No one who’s witnessed the violent tongue-lashings she gave Anne Hathaway in The Devil Wears Prada would imagine that not very long ago, British actress Emily Blunt had a debilitating stutter.
It set in around age 10. “I remember that when it first started to kick in, I thought it was a habit,” she says, “but when it really starts to ingrain itself upon you, it becomes an anguished situation to live your life in, especially when you’re a kid, when you’re only trying to appear very cool. I was definitely not cool.”
By age 12, when it reached its peak, she stopped speaking altogether. “Why am I like this?” she thought at the time. “Why have I got this stupid voice problem? Everyone else can talk, what’s my problem?”
“My friends started to accept my stutter as just who I was,” Blunt says, “but I didn’t like being accepted in that way. I felt it was a misrepresentation of who I was, what I wanted to say, what I could see in the world and wanted to share.”
Tonight Blunt, now 27, will emcee the “Freeing Voices Changing Lives” gala to benefit the American Institute for Stuttering, an organization she says she wishes she’d known about during her silent early adolescence. Only during adulthood did she connect with the organization’s founder and executive director, Catherine Montgomery, who spent the last two decades working to develop techniques for overcoming a stutter. Tragically, the beloved Montgomery lost her battle with cancer at the end of May.
• Carly Simon: How I Found My VoiceStuttering affects an estimated 1 percent of the entire world population—around three million people in the United States and 60 million people worldwide. It is a treatable condition for almost all sufferers, and the American Institute for Stuttering takes aim at the affliction’s physical, emotional, and psychological dimensions. Recent studies have found that around 40 percent of children who stutter are bullied on a regular basis. But with support from therapists, teachers and family, stuttering children have a good chance of growing into confident, fluent adults. Plenty of former childhood stutterers have even gone on to prominent careers in the public sphere: Blunt, for example, as well as this year’s gala honorees Harvey Keitel, journalist Clarence Page, and presidential debate coach Michael Sheehan.
Every stutterer struggles in a unique way to find their voice. Without Montgomery’s methods to aid them, Blunt’s mother took her to a battery of specialists. There were relaxation classes, voice classes, and breathing classes. There was “cranial osteopathy.” None of it solved the problem.
“My friends started to accept my stutter as just who I was,” she says, “but I didn’t like being accepted in that way. I felt it was a misrepresentation of who I was, what I wanted to say, what I could see in the world and wanted to share. It felt like a mental mountain that I found impossible to overcome.”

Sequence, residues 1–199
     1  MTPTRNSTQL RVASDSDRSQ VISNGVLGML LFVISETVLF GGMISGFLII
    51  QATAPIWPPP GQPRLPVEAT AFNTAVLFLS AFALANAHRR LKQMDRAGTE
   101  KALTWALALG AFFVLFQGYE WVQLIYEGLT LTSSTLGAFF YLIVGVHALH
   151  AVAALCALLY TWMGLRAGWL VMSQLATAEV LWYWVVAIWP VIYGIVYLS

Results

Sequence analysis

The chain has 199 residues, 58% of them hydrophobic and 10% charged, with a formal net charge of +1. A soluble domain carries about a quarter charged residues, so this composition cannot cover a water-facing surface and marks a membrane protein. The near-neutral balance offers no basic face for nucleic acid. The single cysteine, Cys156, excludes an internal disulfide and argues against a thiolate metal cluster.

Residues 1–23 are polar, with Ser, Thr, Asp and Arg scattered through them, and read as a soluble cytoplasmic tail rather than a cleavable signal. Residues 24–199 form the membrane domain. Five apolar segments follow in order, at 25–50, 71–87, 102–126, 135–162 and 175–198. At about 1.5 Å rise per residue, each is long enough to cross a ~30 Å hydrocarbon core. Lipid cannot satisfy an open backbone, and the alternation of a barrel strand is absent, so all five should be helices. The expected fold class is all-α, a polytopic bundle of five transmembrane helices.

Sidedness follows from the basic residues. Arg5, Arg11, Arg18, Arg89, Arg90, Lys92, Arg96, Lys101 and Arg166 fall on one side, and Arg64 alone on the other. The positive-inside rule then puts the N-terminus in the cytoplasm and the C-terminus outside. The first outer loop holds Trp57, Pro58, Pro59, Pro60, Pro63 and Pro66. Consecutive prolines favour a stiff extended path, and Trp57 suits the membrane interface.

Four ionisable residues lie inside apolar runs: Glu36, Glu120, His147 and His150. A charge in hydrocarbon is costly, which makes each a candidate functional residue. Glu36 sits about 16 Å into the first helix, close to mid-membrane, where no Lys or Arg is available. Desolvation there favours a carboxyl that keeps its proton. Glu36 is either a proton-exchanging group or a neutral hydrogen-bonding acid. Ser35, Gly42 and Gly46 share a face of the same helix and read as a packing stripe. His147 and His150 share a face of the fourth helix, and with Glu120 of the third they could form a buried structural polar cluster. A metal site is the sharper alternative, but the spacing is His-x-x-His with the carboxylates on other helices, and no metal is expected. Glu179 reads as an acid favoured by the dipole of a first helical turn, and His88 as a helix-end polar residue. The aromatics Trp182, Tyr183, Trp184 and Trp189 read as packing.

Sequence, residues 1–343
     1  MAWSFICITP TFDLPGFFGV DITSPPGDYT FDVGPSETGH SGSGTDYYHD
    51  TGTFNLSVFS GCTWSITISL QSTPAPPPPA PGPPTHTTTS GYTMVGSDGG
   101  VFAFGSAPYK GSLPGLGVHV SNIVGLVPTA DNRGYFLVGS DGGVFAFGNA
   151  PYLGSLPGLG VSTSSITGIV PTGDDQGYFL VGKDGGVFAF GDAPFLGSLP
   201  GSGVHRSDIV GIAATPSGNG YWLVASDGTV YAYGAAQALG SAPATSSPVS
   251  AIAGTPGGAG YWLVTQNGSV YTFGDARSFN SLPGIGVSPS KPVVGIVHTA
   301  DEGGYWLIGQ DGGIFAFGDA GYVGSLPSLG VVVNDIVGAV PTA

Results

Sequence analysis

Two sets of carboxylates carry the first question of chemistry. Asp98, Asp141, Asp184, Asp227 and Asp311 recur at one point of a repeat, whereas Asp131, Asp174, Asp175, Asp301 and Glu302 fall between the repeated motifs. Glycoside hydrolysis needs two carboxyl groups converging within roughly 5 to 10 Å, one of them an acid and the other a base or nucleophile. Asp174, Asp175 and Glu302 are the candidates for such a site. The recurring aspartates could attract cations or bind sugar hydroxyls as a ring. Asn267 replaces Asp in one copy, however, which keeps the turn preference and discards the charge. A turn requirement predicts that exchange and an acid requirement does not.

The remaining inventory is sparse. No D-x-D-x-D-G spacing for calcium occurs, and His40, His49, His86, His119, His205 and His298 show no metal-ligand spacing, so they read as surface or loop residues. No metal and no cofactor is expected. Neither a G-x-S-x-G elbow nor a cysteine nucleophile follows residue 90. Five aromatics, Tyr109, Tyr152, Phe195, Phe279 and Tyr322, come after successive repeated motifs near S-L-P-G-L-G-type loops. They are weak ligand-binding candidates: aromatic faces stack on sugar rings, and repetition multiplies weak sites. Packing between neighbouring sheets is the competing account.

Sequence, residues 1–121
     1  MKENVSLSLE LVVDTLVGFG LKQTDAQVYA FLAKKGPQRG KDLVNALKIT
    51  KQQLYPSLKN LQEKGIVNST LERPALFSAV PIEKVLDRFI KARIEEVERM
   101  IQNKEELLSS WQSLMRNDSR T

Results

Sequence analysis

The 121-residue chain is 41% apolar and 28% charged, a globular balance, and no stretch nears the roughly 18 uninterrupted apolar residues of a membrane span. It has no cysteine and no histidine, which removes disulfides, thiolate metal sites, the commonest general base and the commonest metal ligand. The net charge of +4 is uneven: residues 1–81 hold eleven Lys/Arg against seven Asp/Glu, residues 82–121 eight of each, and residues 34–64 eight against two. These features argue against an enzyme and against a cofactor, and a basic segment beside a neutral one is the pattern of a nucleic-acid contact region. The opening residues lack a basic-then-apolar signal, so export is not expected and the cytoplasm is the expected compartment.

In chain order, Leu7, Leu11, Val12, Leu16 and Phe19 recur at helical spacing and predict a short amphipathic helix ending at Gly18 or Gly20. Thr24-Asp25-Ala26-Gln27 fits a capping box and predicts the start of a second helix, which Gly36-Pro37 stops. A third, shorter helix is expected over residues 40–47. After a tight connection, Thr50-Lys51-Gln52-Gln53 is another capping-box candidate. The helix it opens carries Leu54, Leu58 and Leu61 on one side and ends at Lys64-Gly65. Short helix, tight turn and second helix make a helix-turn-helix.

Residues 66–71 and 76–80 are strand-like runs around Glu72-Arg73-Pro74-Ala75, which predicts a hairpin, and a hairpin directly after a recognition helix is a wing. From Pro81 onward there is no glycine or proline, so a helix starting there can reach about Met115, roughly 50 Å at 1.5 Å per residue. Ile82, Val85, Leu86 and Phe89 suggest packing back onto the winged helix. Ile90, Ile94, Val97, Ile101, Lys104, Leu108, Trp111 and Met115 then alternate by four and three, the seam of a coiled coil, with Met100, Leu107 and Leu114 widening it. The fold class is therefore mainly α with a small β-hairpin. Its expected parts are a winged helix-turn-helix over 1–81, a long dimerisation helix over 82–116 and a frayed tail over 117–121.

And then a teacher offered what seemed like the most appalling possible solution: That she act in the school play. He had seen her telling stories to friends, performing imitations and speaking in funny voices. “You’re insane,” she said, when he first brought it up. “No, absolutely not. Please don’t make me do this.”
“What if you speak in an accent?” he asked, and the idea was just intriguing enough.
“I did it in a Northern English accent, which is very different from how I speak, although it was probably a terrible Northern English accent since I was so young at the time,” she says, “but it was somehow liberating. I wouldn’t say that I ceased to stutter after that, that it was some huge revelation. But for the first time in five years I was able to speak fluently—and in front of 200 people.”
The path from that school play to her award-winning roles in the television miniseries Gideon’s Daughter and The Devil Wears Prada, plus dozens of other big-screen turns, unfurled smoothly. Today she almost never stutters, except very occasionally, when speaking on the phone. “Weirdly, it is when someone asks who’s calling, and I have to say my name,” she says. A lot of stutterers struggle with certain consonants and vowels—c’s and “eh”s were particularly tough for Blunt—and so, in conversation, her brain has always done somersaults to avoid words that were tough. “Can I have the salt?” became, “May I have the salt?” and so on. But the one word she couldn’t get out of saying—and one that begins with an “eh” no less—is “Emily.”
But, with the pressures of a growing audience and higher profile roles, her speech only improved, such that she now never worries about the stutter returning. “It’s ironic that I’ve ended up in a job where you have to be able to speak,” she says. “My stutter sort of showed me the way.”
Rebecca Dana is a senior correspondent for The Daily Beast. A former editor and reporter for The Wall Street Journal, she has also written for The New York Times, the New York Observer, Rolling Stone and Slate, among other publications.